Kei Oda is the head of Japan and the Asia-Pacific region for Quantstamp, a Web3 security firm that audits smart contracts and develops blockchain security solutions.
Kei spent 16 years trading bonds at Goldman Sachs before stumbling into cryptocurrencies out of boredom. He tells Magazine he was induced by the ability to trade Bitcoin and other assets around the clock.
He has since fallen down the rabbit hole, even finding a job in the industry.
1. How did you get involved in crypto?
So, I was actually a bond trader for 16 years before joining crypto.
You know, we used to talk about Bitcoin when I was still trading bonds. I didn’t really understand it or believe in it, to be honest, but when I left my job in 2016 and tried to get into the startup space, what dawned on me once I left was that, having been a trader, you do have a long-term focus, but you also are very, very short-term in terms of how you trade, what you do day to day, minute to minute, and what ended up happening was, I would get bored very easily.
Essentially, my attention span became like a goldfish, and that was what working in finance kind of did to me. And so, I started trading Bitcoin.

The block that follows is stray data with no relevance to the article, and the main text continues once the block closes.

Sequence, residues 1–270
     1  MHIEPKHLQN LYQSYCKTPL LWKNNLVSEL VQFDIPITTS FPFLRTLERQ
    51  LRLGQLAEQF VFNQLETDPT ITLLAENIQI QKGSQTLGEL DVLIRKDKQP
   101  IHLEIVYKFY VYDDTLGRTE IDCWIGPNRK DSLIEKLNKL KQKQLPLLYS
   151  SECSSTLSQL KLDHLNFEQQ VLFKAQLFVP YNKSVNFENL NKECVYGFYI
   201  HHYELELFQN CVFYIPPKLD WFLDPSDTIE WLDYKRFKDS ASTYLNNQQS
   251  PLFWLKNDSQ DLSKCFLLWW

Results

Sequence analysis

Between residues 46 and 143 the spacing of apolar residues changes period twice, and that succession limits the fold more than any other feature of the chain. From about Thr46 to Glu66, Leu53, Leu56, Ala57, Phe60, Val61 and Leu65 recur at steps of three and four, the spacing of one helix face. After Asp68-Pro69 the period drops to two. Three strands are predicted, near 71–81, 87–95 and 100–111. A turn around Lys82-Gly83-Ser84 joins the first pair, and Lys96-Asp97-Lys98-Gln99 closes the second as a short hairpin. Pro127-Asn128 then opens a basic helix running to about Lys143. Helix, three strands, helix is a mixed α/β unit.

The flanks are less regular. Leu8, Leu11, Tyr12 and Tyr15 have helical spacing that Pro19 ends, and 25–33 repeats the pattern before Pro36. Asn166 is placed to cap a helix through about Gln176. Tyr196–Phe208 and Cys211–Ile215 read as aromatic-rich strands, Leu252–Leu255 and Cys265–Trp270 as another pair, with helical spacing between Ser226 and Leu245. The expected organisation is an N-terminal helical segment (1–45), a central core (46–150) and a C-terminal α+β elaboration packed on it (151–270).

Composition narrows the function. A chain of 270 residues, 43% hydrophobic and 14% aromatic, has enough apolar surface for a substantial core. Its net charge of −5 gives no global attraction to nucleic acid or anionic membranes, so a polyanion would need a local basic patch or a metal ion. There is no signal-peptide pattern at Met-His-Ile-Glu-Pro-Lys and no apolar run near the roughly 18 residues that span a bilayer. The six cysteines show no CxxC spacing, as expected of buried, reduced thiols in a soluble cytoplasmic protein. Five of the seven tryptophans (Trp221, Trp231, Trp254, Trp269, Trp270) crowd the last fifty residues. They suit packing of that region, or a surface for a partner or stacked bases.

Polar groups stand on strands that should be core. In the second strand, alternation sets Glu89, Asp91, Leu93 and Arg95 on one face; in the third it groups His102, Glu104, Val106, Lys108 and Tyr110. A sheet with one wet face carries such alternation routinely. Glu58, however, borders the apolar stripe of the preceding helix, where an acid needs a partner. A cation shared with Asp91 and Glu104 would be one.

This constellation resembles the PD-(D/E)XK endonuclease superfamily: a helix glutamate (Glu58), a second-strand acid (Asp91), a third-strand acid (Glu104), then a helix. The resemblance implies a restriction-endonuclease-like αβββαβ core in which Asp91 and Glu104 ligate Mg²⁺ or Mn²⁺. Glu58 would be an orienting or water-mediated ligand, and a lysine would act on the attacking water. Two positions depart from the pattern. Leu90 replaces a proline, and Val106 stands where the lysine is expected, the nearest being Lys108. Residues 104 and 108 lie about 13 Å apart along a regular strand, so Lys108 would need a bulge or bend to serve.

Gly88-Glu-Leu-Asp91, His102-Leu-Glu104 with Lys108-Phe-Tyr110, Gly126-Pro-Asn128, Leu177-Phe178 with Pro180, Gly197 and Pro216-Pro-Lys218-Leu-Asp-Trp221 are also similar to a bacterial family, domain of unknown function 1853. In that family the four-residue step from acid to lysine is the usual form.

Initially, it was simply to pass the time. And then, once I started researching Bitcoin, obviously, I thought the value proposition was extremely compelling.
And as part of that journey, I of course fell down the rabbit hole and started looking at crypto in general and specific assets like Ethereum, and it just sounded like a crazy, crazy proposition. You know, if it succeeds, obviously we’re talking about something that could be game-changing.
2. What do you think of the current Japanese crypto ecosystem?
I think that Japan has a pretty vibrant ecosystem, especially right now. It’s taken a while, but if you look at the trajectory of what Japan has gone through as a whole (the Mt.Gox and CoinCheck hacks, etc.), it has become very progressive.
In one sense, you know, allowing Bitcoin to be kind of used as currency, not obviously as an official currency or government currency, but it is an accepted payment method, and it’s actually legal to use it.